Ink wash is a technique of drawing that falls somewhere between drawing and painting. Because the medium is wet when it is applied, many consider ink wash a painting technique. (We'll call it a art-making technique and try not to get too technical.) There a variety of colored inks that can be used to create ink washes.
Many illustrators and artists have created beautiful artworks over the years using many colors of ink. However, It should be pointed out that ink wash is Eastern in origin and is almost always completed in black ink.
Traditional ink wash in it's purest form requires years of discipline and practice. Eastern ink wash is applied with a special brush called a sumi brush.
Many ink wash techniques are similar to watercolor painting techniques. Like with watercolor, lighter values of colors are created by thinning the ink with water. The more water present in the mixture, the lighter the value. Ink wash is also best applied in layers, much like in watercolor painting. Ink wash is best applied working from light values to dark values allowing time for the layers to dry before new layers are applied.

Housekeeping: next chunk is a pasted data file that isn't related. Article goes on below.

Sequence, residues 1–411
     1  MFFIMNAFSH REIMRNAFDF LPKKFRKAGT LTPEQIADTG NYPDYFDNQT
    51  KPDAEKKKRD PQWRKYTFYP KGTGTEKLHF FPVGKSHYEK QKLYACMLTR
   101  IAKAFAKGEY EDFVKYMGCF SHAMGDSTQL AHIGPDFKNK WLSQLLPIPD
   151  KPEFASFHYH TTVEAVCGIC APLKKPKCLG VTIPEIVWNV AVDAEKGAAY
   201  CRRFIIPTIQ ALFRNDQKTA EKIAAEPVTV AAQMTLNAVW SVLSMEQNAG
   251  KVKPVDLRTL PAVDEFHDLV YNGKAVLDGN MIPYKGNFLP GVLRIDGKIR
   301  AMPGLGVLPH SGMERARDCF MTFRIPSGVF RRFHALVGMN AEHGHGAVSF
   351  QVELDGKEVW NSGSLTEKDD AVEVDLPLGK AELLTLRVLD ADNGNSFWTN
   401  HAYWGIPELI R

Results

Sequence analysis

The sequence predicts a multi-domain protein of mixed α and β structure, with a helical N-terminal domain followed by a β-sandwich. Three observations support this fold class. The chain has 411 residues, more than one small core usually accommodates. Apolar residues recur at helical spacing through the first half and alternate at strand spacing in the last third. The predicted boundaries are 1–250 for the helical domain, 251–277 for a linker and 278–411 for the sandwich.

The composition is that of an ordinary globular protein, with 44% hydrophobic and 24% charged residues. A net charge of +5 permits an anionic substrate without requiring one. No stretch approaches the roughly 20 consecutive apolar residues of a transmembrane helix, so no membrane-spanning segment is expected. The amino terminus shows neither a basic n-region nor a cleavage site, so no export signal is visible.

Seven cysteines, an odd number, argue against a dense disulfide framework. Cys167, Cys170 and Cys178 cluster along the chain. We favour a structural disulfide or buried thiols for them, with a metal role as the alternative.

Many traditional watercolor techniques like wet on wet, produce similar results with ink wash. One major difference between ink wash and watercolor painting is that ink wash is a bit unforgiving. Mistakes made with ink wash are difficult to fix. It is a good idea to work with a test sheet handy. This way, you can minimize mistakes by making sure that you have the right value of ink before applying it to the surface.
Many different surfaces will accept ink wash. Popular ink wash surfaces include illustration board, watercolor paper, rice paper, and bristol paper. Drawing paper and canvas are considered unacceptable surfaces, although feel free to experiment.